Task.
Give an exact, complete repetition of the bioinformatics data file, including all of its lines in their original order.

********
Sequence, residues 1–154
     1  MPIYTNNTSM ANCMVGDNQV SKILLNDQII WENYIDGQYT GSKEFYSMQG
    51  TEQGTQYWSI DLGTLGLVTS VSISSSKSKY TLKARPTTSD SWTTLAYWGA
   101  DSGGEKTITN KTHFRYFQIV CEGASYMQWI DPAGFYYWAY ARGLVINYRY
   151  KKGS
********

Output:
Sequence, residues 1–154
     1  MPIYTNNTSM ANCMVGDNQV SKILLNDQII WENYIDGQYT GSKEFYSMQG
    51  TEQGTQYWSI DLGTLGLVTS VSISSSKSKY TLKARPTTSD SWTTLAYWGA
   101  DSGGEKTITN KTHFRYFQIV CEGASYMQWI DPAGFYYWAY ARGLVINYRY
   151  KKGS